I was brought to this realization recently when a friend from Middle School in Texas wrote a post about how she had neglected to embrace her African American part of her and the struggles that gave her growing up. It was in this moment that I didn't even realize she was half Black. Like no idea that the reason she was obsessed with straightening her hair and always hinting and suggesting that I did the same to hide my curls. I honestly thought she was just obsessed with styling hair and would answer her pleas to me as it was just a waste of time to do everyday. I had no idea it was because she was uncomfortable in her own skin due to her race. And since I never brought it up or questioned it I was the perfect person for her to be around and encourage that behavior.

That seems a bit nice, but the reality is it was really toxic. I wouldn't even bring up being Latina around my friends because I didn't want it to define who I was. Because of this I added to the narrative with a lot of my friends that denying a part of yourself, especially the part you didn't like, was the way to go. Which resulted with a lot of my friends having issues growing up.

Now I'm not saying I'm the reason they internally hated themselves, but I did add to it. Instead of telling my friend the reason I didn't want to hide my curls was because I was proud to be Latina, I said that it was a waste of time and a chore to constantly straighten my hair. If a friend voiced something about themselves they didn't like I was almost always the first to nonchalantly back them up on that by not talking about it. We had friends that would, and very quickly they were shunned out of the group because of it.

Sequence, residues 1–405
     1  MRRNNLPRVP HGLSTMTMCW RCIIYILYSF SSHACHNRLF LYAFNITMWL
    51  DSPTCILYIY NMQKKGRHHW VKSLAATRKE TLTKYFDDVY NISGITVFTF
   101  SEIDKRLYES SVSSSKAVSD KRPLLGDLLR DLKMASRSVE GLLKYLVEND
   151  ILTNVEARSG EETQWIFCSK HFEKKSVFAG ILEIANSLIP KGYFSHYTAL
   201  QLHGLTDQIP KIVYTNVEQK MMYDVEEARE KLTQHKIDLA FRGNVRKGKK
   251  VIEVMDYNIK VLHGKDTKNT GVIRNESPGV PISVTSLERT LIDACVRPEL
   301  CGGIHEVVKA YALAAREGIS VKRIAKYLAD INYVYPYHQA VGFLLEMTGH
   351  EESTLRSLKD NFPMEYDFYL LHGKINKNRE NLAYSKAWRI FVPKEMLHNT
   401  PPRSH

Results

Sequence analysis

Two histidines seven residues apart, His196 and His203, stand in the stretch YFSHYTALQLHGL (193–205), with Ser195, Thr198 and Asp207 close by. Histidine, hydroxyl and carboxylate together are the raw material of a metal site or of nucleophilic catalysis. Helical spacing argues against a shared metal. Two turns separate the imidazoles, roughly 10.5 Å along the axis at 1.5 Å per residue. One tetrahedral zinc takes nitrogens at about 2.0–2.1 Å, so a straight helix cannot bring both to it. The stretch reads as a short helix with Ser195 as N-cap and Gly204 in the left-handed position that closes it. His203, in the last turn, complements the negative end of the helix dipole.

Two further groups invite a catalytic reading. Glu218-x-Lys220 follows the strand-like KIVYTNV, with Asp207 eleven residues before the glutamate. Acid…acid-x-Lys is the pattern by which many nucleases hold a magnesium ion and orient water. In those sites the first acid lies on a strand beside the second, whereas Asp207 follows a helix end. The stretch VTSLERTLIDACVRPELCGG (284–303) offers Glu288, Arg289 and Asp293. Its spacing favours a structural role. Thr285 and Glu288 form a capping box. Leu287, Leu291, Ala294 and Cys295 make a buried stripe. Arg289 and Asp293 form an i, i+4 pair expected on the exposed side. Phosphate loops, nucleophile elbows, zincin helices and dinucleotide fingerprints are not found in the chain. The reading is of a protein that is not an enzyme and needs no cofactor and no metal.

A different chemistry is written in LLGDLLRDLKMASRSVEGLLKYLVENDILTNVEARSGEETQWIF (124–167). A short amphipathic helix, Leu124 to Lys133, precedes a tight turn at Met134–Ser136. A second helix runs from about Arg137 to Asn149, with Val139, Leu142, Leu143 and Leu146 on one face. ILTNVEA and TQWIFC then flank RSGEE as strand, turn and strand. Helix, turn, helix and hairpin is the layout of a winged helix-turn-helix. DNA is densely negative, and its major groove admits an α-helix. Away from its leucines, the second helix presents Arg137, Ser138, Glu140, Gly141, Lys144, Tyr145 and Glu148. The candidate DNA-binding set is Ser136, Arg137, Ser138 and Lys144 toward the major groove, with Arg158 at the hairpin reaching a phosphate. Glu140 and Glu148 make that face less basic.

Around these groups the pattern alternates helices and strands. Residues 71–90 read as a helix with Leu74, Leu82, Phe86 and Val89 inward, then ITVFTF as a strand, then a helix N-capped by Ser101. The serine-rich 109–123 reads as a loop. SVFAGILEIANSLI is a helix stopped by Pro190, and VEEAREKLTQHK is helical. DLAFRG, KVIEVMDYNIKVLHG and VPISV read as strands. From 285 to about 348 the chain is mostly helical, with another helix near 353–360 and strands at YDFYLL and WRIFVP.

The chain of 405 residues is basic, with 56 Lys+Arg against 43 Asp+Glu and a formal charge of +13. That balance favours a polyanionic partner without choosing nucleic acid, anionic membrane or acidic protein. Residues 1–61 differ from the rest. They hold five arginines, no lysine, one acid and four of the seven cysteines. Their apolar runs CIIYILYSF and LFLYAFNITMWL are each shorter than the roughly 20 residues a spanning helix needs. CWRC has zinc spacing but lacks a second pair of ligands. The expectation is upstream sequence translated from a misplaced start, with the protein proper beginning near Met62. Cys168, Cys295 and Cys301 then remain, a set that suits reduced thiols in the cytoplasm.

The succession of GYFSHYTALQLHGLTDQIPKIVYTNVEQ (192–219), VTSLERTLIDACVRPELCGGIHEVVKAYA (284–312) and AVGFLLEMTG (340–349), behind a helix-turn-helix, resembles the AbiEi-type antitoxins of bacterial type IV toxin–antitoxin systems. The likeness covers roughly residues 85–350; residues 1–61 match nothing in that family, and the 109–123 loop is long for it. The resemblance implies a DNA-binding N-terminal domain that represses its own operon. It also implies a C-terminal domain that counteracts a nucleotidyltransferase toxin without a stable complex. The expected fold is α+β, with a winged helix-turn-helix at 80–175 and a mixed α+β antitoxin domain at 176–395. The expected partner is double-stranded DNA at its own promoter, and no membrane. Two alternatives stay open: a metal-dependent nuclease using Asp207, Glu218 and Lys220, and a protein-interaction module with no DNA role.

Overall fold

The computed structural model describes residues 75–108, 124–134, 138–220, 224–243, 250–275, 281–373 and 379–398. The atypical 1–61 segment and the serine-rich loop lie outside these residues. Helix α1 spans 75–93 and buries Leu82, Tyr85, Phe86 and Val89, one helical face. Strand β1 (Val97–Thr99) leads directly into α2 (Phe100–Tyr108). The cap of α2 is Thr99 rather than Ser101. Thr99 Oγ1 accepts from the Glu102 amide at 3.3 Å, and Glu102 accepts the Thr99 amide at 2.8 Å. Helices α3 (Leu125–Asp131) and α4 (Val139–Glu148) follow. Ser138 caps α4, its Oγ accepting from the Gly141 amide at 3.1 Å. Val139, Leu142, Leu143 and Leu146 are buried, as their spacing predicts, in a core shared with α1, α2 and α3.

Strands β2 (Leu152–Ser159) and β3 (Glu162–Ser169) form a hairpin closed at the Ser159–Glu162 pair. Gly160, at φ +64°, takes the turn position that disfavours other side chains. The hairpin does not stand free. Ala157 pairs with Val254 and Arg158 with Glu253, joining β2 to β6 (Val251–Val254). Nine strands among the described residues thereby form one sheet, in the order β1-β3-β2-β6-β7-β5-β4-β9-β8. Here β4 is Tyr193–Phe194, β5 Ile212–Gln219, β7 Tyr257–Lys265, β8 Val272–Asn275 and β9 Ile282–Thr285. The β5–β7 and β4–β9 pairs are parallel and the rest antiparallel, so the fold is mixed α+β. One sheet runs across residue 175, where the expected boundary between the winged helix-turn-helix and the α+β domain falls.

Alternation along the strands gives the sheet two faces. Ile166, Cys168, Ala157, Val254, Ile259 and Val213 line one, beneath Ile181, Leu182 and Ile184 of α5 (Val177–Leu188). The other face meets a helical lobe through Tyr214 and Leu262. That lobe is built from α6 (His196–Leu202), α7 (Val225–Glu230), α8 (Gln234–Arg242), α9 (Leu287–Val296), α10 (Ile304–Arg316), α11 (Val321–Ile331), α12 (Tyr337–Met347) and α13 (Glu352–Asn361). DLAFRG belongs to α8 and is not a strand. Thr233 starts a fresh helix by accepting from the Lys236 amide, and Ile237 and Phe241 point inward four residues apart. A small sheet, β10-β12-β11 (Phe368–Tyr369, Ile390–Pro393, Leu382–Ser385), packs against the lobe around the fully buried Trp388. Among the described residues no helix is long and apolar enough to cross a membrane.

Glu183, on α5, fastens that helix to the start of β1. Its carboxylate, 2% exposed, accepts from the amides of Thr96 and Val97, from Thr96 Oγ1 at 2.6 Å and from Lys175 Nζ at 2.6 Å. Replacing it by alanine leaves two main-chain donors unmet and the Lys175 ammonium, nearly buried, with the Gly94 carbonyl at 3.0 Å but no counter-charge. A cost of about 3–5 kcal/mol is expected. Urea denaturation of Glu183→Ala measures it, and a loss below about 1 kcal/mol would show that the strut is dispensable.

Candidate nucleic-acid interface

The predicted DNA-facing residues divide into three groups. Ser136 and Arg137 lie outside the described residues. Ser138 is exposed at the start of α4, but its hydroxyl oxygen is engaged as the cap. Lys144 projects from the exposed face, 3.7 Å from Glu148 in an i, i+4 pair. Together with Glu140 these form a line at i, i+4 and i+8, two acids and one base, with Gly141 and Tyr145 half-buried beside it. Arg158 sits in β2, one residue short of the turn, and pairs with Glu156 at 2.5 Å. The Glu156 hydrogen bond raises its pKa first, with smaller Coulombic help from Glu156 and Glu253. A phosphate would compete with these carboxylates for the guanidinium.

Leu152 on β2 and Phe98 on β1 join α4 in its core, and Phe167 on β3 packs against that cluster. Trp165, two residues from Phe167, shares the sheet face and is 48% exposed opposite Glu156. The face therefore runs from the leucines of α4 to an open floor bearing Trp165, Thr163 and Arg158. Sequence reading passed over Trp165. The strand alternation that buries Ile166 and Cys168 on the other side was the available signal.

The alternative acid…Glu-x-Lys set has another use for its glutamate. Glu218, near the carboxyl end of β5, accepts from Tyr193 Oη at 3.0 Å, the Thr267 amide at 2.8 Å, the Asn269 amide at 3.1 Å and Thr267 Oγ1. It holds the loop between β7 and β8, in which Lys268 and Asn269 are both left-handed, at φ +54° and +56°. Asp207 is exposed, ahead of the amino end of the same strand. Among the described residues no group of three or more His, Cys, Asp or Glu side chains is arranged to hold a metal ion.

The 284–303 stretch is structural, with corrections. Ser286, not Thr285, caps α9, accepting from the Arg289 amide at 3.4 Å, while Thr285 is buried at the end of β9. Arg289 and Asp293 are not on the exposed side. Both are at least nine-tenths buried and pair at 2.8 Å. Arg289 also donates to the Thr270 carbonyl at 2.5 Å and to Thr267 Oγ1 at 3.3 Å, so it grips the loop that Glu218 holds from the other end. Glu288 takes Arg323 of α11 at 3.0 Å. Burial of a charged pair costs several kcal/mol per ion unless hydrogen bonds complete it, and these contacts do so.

If you point out what we didn't want to talk about, it was best to just leave. I learned that lesson growing up, time and time again. When race was the topic me and my friends would state as a mantra that "we didn't see race."

I found that is so toxic. Just because I was refusing to see race didn't mean it wasn't there. I had a friend growing up that would tell me that statement meant that I was just refusing to see certain people. And how true that was, but at the time it was a statement that would never sit right with me. And like those who state they aren't racist I would do whatever I needed to prove how wrong that was. In my mind I did see everyone, and I was in the right because I wouldn't define someone by their race. I would double down so much on this just to prove it was wrong.

Then when I fully started thinking about it I realized the only people saying that phrase were my white friends who always had a problem with racial topics. It was never something I ever heard from my community or even my people of color friends. In fact the person who brought it up to me was my brother. One day we got into a discussion about race and I said that phrase and without missing a beat my brother countered it with "you know only white people think and say that right?"

That stopped me in my tracks, because it couldn't be true could it? Was it something only white people said? It brought me back to my Ex-Boyfriend again since I heard it more than normal while with him. Now that I'm dating a Person of Color I hardly ever hear that statement, in fact the opposite happens. My current boyfriend with talk about race like he was talking about the weather. Regardless in what light, both the good and the bad because in his mind talk of race should be normalized. It's the same way my brother thinks and why they get along so well.

But it's meant I've had to retrain my brain. I need to start seeing race for what it is, just another part of life that sadly is constantly seen as a bad things. It's up there with talking about your salary with co-workers, it can happen but it's frowned upon because it has the potential to cause problems. I learned this why at my last job, where there was only 1 white person working in our entire office.

It's a struggle but now I'm countering that statement with "then you're racist." And let me tell you, the responses have not been that great. But they aren't suppose to be if they are calling out the issue.

If you made it this far, thanks you really didn't have to. This was a bit of a rant but something I felt I needed to write and hopefully through the ramblings it gets people to think some.


Gaby Ruiz